Is Reactive Attachment Disorder In Adults Real?
By Sarah Fader
Updated October 21, 2019
Reviewer Wendy Boring-Bray, DBH, LPC
Researchers have learned much about reactive attachment disorder (RAD) in children-but does the disorder exist in adults? The answer is an absolute yes. RAD is a clinical diagnosis that affects both children and adults. Research shows that RAD can be present in people of any age from infancy to adulthood. The DSM-5 (The Diagnostic and Statistical Manual of Mental Disorders) states the criteria for RAD, stressing that the symptoms must be present before the age of five. The good news is, RAD can be cured in both children and adults. But if not dealt with, it can last a lifetime, which is why it's important to get diagnosed early so that treatment can be effective.
Understanding the Facts
There is much you can do to combat RAD, but perhaps the most effective is reaching out to someone for help, whether it be a professional or someone you trust who is close to you. The stress and anxiety you may feel as a result of your disorder can also be combated with methods including exercise and sleep management. We'll talk about these solutions later in the article.
Although you may not know anyone struggling with RAD, you're not alone. Studies show as many as 1.4% of the population with this condition. Luckily, therapy and time have shown great success in helping those who struggle with these issues. With the right support and knowledge, you can overcome the problems associated with RAD.
What Exactly Is Reactive Attachment Disorder?
Reactive attachment disorder is the result of a child not forming a secure attachment to a primary parent or caregiver before the age of five. The lack of an early relationship where the child's basic needs of food, shelter, warmth, and nurturing are not being met causes the child difficulties forming caring, loving relationships. If left untreated, it can cause sufferers to have problems with aggression. Early detection makes it much easier to treat the condition. However, adults can also benefit from therapy.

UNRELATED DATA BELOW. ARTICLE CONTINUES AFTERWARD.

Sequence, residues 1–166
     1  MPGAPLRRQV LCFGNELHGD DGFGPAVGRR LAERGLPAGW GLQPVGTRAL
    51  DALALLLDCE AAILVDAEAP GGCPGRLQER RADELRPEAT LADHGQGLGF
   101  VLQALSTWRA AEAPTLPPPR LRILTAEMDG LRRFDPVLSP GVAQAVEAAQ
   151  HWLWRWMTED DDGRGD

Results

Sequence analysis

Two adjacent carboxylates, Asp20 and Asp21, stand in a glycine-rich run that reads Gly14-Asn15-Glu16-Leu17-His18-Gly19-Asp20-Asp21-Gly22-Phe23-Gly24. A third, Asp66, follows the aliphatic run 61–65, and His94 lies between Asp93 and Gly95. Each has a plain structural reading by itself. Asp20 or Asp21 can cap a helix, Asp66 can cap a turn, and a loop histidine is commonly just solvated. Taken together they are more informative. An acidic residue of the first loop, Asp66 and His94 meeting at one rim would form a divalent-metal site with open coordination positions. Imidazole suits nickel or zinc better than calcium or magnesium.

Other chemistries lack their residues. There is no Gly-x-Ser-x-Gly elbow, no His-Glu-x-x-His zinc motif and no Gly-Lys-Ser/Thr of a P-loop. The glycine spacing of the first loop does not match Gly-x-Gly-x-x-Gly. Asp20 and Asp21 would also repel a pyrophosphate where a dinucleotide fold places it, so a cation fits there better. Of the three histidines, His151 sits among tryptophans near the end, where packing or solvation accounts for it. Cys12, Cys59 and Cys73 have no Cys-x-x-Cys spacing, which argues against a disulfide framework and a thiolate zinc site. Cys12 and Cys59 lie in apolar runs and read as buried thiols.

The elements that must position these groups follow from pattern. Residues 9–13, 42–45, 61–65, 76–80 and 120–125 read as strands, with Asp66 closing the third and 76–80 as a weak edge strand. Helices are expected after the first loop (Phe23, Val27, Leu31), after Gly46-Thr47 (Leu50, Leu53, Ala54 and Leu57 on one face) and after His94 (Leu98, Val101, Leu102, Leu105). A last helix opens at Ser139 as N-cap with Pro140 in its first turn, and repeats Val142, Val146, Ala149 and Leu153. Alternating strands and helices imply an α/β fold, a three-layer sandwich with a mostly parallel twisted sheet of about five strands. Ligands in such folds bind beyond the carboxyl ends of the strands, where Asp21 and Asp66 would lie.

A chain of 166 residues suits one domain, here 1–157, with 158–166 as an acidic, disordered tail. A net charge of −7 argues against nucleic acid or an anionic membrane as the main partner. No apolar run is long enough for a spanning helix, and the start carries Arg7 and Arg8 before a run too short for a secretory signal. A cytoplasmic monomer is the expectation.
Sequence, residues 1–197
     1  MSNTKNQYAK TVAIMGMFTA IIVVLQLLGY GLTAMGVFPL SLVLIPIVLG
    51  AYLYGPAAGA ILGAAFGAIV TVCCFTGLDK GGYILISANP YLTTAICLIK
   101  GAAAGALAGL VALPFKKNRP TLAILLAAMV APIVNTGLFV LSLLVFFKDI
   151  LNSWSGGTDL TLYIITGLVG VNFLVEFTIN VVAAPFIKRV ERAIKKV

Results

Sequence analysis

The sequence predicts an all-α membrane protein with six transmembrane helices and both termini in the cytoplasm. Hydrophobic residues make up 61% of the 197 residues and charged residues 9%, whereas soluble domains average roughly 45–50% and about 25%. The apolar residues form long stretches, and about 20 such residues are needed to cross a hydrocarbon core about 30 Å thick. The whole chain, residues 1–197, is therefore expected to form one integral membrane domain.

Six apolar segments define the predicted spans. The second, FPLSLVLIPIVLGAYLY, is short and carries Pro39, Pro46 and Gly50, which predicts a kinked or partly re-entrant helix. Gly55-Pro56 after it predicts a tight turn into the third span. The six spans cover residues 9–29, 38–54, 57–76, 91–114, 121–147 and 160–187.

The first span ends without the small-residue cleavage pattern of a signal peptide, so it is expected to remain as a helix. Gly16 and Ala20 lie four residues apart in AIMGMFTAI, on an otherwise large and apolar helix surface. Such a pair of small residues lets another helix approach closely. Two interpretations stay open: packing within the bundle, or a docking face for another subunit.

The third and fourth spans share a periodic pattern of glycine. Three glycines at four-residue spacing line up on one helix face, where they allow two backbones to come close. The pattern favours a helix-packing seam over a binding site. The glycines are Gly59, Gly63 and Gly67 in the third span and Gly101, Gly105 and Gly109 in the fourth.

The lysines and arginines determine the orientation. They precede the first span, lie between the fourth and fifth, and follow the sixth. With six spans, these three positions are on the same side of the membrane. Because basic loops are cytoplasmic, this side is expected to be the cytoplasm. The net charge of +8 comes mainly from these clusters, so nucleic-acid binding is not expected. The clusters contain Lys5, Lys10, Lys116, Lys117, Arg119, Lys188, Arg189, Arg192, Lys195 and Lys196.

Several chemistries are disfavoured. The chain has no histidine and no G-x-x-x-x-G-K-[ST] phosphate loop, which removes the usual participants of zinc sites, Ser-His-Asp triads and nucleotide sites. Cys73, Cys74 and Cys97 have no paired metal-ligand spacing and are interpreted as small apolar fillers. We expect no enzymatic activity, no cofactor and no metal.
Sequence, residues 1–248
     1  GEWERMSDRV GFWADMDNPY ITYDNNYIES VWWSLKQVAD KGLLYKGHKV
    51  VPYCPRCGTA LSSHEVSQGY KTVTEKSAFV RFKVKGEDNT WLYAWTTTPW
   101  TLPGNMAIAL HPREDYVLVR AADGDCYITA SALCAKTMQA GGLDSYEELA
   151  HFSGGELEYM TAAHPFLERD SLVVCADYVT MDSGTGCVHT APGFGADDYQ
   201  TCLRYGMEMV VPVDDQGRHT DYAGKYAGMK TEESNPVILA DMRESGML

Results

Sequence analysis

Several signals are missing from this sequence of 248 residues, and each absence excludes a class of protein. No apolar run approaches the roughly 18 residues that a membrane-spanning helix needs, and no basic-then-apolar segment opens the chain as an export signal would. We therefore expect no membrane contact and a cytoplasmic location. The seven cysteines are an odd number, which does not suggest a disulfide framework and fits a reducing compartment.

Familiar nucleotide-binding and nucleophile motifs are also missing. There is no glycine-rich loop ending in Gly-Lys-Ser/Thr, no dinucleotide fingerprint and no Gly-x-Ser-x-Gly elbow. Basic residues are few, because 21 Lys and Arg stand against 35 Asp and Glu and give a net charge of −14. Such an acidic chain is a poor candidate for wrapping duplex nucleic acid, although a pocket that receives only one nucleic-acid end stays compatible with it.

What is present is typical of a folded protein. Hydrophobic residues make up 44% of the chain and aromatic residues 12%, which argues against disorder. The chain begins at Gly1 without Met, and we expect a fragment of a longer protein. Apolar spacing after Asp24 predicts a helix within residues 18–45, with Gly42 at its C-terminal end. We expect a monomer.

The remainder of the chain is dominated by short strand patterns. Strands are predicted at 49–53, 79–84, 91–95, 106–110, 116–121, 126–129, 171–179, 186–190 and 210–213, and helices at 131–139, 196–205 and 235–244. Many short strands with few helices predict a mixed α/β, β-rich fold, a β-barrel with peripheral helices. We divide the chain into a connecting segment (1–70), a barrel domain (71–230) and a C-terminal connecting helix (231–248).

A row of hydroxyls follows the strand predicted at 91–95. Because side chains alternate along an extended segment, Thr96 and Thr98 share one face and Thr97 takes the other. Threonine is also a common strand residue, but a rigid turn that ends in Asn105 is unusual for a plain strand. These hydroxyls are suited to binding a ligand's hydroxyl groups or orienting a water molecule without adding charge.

How Can You Evaluate Reactive Attachment Disorder in Adults or Children?
There is no definitive test for RAD, but clinicians have some good diagnostic tools at their disposal. The DSM-5 criteria describe the types of symptoms common in people of all ages with RAD. A thorough psychiatric evaluation can tell clinicians much about whether an adult or a child has the disorder.
The experienced counselors at BetterHelp are available to help you diagnose and treat RAD, or any other mental health condition.
The Connection between RAD and "ACEs Too High"
The ACEs Too High test reveals information about the effects of adverse childhood experiences, which can help diagnose RAD. Many sufferers of RAD were victims of trauma, severe neglect, or abuse as a child. ACEs Too High is a straightforward questionnaire that scores the impact of toxic stress. The acronym ACE stands for "adverse childhood experience." ACEs harm a child's brain as it develops, though the symptoms are sometimes delayed until the child is a teen or adult. The higher an individual's ACEs score, the greater the risk they have for serious health problems like chronic disease, mental illness, or violence.
Once you've been measured on the scale, you'll be at an advantage. Any additional information you can gather regarding your condition will make your path easier. Your goal in the early stages of treatment will be to gather as much information as you can to find the right treatment plan for you.
What Does RAD Look Like in Children?
Children with RAD have trust issues because they didn't trust adults to take care of them when they were small. They use coping mechanisms to help feel safe, which may include lying, manipulating, stealing, impulsivity, aggressive or controlling behaviors. They are often charming or charismatic, which deceives others into thinking they are socially appropriate. In reality, children and adults with RAD may lack empathy for peers and they can sometimes be cruel to animals.